Have you ever eaten kola nut with a pepper sauce? No? Me neither…till now. And I have to thank Carol of Bread & Baskets for this introduction.
A few weeks ago, I toasted some Nigerian calabash nutmeg, Ehuru and shared a photo on instagram. Wofai sent me a message saying that where she was from – Ugep – they added to a pepper sauce which formed a dip for fresh leaves and kola nut. Ugep is a place I’ve heard about. I have friends who are from Ugep and it’s always struck me as fascinating and with this discovery, even more so.
I’m also stunned as to how much there is to learn about Nigerian cuisine. Like Kola nuts. How they are eaten and used in ways I am totally unfamiliar with. My idea of Kola has always been a ‘bite’, little bitter bites, like communion bread – eaten with prayer at the start of an event – or late at night if you’re at school and want to avail yourself of the caffeine to stay up and study.
In traditional Nigerian culture and customs, Kola nuts are important. They are a mark of expressing hospitality, especially during traditional ceremonies. I grew up eating tiny bits of kola, broken off and passed round on trays or plates at the start of ceremonies – naming, traditional weddings, conferment of titles, and the like.
Different tribes have different ways of ‘breaking kola’ and different types/ colours of kolas exist. The Igbos break it and serve it with okwuoji and ose oji, the Yakurr of Ugep – wrap it in fresh Okana leaves and dip that into a sauce.
But this isn’t my story – this is Carol’s story and I’m thrilled she’s sharing her memories of the Okana tray, of Yedamblongh with us.
Of Ehuru: Where I’m from, (Ugep) we pound them into fresh pepper, add a little palm oil & use it to eat raw afang leaves or known as Okana.
Of Okana pepper: talk about gorgeous colours and a beautiful texture – bursts of green and red. You can tell that this was treated with care, probably hand pounded then combined with the oil and the ehuru
Of Okana/ raw Afang: these leaves are gorgeous – slim, long and green. They have a mild, fresh taste.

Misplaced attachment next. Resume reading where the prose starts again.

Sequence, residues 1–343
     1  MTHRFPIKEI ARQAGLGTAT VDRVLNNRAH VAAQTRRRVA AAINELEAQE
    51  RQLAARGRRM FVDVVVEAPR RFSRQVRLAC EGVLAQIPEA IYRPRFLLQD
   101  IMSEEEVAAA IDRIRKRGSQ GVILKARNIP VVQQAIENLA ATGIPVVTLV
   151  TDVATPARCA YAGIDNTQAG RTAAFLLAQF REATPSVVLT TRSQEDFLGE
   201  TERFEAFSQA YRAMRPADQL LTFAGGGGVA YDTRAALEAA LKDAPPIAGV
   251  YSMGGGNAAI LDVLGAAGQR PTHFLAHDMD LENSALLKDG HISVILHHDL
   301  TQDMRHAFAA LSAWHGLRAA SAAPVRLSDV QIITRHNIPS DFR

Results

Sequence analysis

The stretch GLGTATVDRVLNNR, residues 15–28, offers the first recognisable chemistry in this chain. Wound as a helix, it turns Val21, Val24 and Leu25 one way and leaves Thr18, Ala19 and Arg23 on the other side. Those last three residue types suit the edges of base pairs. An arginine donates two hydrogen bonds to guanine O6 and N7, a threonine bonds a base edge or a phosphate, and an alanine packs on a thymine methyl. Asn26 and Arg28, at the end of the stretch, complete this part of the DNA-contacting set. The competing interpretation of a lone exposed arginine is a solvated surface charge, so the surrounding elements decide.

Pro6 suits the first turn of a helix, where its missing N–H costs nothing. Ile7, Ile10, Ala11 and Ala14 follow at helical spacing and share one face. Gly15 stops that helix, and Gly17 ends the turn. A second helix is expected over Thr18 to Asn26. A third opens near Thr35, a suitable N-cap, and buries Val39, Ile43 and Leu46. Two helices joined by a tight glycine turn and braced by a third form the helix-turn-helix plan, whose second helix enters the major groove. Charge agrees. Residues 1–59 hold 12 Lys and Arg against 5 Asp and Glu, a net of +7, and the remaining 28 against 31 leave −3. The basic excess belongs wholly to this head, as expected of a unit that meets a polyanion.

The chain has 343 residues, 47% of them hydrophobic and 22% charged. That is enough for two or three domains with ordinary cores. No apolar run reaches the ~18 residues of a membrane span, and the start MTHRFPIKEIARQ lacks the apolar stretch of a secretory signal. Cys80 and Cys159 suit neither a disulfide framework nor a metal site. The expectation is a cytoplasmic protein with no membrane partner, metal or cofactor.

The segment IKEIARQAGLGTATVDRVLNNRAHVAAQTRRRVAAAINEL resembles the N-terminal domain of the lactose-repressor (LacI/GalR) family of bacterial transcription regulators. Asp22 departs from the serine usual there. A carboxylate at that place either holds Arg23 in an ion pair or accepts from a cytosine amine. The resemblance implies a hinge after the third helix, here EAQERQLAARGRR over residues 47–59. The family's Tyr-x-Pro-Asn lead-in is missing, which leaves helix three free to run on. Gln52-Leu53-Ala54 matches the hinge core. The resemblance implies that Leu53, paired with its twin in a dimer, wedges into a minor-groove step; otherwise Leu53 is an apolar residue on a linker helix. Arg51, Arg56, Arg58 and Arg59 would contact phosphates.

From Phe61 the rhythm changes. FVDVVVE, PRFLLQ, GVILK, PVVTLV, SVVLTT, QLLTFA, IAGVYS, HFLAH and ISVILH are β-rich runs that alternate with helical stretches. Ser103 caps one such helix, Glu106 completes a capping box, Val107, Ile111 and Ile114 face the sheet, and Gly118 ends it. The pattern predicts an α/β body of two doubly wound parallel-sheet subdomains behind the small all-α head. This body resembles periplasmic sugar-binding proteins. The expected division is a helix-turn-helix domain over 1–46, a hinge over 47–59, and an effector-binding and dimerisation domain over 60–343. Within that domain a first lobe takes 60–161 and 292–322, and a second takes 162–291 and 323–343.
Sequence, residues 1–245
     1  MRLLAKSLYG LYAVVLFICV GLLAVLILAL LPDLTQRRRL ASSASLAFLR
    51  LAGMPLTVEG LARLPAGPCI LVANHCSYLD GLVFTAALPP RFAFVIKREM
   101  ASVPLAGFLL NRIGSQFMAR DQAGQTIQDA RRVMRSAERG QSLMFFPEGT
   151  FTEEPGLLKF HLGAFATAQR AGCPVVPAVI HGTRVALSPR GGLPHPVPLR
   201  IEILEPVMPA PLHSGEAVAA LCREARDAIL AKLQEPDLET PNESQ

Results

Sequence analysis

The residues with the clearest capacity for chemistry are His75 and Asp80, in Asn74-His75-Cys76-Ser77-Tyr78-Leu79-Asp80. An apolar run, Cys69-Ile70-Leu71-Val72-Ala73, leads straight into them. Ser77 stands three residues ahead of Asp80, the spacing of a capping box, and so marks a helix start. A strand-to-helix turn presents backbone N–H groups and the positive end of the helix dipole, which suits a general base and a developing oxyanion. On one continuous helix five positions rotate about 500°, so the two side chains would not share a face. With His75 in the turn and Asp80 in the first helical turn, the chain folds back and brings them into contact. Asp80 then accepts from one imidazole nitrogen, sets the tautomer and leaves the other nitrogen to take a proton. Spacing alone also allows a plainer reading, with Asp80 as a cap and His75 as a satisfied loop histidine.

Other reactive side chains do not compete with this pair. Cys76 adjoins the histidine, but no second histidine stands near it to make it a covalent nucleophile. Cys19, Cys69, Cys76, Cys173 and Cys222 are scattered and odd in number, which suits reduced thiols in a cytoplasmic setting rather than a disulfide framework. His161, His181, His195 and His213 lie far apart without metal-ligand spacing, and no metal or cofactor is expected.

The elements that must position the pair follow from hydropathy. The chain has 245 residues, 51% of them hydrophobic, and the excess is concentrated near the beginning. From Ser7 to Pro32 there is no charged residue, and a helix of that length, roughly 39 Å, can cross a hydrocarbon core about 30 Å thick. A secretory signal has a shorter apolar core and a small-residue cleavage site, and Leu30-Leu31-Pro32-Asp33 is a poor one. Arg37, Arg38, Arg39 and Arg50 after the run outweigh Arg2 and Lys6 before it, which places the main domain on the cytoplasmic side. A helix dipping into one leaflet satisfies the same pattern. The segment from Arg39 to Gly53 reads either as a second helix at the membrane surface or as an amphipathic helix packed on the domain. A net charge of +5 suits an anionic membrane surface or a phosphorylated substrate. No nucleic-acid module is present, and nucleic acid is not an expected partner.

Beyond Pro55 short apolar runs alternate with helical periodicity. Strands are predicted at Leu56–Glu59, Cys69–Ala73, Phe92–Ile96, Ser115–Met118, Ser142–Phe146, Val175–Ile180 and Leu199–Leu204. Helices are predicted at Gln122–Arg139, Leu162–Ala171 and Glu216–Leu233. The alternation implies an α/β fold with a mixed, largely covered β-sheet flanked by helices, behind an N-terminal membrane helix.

Gnetum africanum (eru or African Jointfir) is a vine gymnosperm species found natively throughout tropical Africa.
Of Kola nut: I received two varieties – a purple one commonly called ‘red’ kola and a creamy- light green one
Of Pomo, also called Canda, Kanda, the hide of cows – and no, not tanned, not leather.
Yedamblongh, this is how Okana is referred to – but how do I explain a word that is a phrase, that means joy and also ‘medemede*’ and also enjoyment all at the same time; Carol
My fondest memory of Okana? Hmm that’s a tricky one, because my first memory of Okana – ‘Afang leaf’ made me wonder why my family members were chewing kola nut wrapped in raw leaves with without squinting or making faces.
I remember trying it once and spitting out right after. But of everything I remember, what sticks fast in my memory is the joy – pure, unadulterated joy – the conversations that grew louder and louder and of course, the laughter. Something about dipping your hands into that pepper makes you a pro at sarcasm.
Growing up, I realized really quick that I had a really big family – uncles, cousins, family friends who became aunties and uncles, relations with the same surname and first name and people who just appeared in your house who claimed to be part of the linage but somehow were removed. But these people, whatever the category they fell into, they dipped their fingers into the oil with skill.
The process was simple but delicate – pick two or three leaves of fresh afang, break some kola nut and wrap in the leaves, dip into the oil bowl so that when it comes out it doesn’t spill, pick some dried fish, dip into pepper then pick a piece of garden egg into the oil followed by some canda (dried pomo).
This process is amazing because the delightful flavours are ‘seen’ immediately from the facial expressions of everyone around the Okana tray. The joy for us ‘hangers-on’ was the opportunity to dip your fingers into the pepper bowl or be offered some pepper in a spoon with garden egg or fish. For me, I could never understand chewing on leaves and how kola nut brought a smile as opposed to a frown, so I stuck with what felt right: dried fish, smoked canda and garden egg. The sense of belonging when I sat around that table, the stories shared and most of all, the licking of the plate when it was all over – I believe my love for pepper started there.
Whenever there was a delay from the person with the responsibility to prepare the tray, this question always echoed ‘Okana ma ki?’ meaning ‘Where is the Okana?’ This made me strangely happy – it still does now – because I knew fun, noisy, crazy family, was about to ‘happen’. Unfortunately, I still cannot chew on raw Okana in my 30s, I’ve stuck to fish and garden egg.
This tray comes out every time – at weddings, family meetings, short visits, relaxed evenings and even after hot squabbles between family members. Just recently, my mum had a guest over and she made me send over fresh Okana through a dispatch company/rider because the market woman at the market close to her wasn’t around, but I knew the tray wasn’t going to be as fancy because of the uniqueness of the event – a traditional wedding tray display is different from a ‘left over’ your-uncle-is-coming tray display.
… In all, I miss Ugep
Did you ever think it possible – if you’re Nigerian – that Kola nut could be more than a snack? Broken for more than ‘bread’ and prayer and welcoming? Well, I didn’t. If you have any more interesting recipes for Kola, let me know. I have a couple more – featuring yam mash and boiled yam. Coming soon.